Washington D.C: A team of psychologists has discovered what influences our food choices.
Texas Christian University’s Dr. Sarah Hill’s research revealed that childhood socioeconomic status may influence people’s food choices as adults. The research finds that growing up poor promotes eating in the absence of hunger in adulthood, regardless of one’s adult socioeconomic status.
According to their findings, this means that a person’s developmental history may play a key role in their relationship with food and weight management, rendering those from lower socioeconomic status (SES) environments more vulnerable to unhealthy weight gain.
In a collection of three studies, each with 31 women, Hill measured or manipulated participants’ energy needs and gave them the opportunity to eat provided snacks. The participants also reported their childhood and adult SES. Results revealed that people with higher childhood SES ate more when need was high than when need was low. This relationship was not observed among those with lower childhood SES. These individuals consumed comparably high amounts of food whether their current energy need was high or low.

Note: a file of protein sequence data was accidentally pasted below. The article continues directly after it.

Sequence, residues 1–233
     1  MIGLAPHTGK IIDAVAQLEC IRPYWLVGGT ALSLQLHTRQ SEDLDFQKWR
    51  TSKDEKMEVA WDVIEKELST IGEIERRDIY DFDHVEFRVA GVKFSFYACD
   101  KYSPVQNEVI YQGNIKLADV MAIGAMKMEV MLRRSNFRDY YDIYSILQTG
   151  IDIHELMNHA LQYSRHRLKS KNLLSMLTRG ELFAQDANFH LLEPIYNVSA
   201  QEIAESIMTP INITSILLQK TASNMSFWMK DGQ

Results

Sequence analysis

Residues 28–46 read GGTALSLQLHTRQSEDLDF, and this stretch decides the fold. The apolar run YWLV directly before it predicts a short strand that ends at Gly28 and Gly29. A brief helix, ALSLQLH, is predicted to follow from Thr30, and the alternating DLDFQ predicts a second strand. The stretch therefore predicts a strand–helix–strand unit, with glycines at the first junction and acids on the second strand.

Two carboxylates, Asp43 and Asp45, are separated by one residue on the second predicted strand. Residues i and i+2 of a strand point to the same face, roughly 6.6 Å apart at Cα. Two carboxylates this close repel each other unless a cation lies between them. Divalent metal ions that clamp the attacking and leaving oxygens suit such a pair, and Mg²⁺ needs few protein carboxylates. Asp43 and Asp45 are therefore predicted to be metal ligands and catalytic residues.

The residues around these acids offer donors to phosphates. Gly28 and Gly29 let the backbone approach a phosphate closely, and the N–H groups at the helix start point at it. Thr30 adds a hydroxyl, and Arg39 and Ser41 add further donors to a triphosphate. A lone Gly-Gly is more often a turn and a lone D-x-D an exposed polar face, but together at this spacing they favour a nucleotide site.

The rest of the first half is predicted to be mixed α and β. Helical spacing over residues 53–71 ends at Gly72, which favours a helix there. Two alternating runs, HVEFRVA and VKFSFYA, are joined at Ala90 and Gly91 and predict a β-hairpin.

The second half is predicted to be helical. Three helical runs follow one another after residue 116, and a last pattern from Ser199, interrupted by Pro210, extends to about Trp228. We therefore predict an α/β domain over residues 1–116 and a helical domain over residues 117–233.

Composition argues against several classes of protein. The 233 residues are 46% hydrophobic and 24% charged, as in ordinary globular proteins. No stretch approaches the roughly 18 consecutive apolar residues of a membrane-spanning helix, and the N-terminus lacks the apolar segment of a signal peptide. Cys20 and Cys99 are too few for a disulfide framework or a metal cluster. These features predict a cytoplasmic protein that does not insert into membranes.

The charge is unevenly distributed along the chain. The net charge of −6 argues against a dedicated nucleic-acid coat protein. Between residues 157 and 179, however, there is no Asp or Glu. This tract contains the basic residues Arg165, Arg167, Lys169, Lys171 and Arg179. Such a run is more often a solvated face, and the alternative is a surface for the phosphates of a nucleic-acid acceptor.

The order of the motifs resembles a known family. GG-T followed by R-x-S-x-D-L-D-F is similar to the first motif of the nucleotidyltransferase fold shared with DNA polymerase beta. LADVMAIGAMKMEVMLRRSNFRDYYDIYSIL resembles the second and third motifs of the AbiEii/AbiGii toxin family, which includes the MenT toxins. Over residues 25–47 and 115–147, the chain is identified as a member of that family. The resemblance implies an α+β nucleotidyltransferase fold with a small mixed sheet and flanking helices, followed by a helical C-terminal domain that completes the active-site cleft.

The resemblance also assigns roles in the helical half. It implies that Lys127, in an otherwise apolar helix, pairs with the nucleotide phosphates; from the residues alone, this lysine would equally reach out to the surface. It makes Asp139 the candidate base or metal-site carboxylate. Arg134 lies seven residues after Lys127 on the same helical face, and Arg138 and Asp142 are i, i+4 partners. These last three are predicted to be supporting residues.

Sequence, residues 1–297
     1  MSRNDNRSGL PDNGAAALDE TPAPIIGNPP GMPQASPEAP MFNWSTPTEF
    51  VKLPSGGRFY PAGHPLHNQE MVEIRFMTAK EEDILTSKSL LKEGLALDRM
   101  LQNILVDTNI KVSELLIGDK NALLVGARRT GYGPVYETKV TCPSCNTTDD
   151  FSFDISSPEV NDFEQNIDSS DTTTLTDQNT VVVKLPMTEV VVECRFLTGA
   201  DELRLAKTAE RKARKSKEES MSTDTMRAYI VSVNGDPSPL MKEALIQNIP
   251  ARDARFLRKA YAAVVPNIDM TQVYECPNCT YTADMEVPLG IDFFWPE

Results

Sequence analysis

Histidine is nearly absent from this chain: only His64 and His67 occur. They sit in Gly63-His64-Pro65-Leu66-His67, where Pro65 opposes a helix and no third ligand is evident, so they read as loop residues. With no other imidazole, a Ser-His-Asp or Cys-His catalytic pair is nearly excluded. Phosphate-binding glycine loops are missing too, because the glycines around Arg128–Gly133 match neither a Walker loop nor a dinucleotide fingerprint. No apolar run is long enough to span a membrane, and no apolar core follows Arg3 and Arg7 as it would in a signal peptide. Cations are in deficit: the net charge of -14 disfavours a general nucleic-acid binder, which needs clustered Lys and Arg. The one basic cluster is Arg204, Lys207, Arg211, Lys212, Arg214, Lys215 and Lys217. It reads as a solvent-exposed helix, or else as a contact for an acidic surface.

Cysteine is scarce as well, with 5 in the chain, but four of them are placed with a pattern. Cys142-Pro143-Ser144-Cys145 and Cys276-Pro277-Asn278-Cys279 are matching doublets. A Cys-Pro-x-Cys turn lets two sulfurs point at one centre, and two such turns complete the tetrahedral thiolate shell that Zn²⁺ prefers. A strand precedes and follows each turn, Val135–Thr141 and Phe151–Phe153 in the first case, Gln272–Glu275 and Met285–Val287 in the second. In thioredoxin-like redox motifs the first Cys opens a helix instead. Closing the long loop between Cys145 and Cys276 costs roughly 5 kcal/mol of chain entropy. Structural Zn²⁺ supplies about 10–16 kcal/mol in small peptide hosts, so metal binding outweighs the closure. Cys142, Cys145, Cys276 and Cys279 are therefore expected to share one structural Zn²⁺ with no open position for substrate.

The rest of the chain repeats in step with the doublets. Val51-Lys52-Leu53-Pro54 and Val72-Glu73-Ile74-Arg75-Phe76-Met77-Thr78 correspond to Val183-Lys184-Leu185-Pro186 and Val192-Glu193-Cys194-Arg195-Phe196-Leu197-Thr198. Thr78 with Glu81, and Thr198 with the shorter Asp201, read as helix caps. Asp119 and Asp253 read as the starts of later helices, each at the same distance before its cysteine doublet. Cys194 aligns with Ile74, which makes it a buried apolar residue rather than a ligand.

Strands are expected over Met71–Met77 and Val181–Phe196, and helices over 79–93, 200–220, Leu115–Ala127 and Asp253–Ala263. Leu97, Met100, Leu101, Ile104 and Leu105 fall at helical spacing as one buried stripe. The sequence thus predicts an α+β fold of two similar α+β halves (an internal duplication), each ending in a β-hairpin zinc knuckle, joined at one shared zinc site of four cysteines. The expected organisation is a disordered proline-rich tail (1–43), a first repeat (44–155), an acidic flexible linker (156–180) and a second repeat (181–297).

According to Dr. Mann, the word ‘healthy’ seems to turn people off, particularly when it appears on foods that are obviously healthy. The subtle health message, such as the healthy heart symbol, seemed to be more effective at leading people to choose a healthy option.
The study has been presented at Society for Personality and Social Psychology 17th Annual Convention.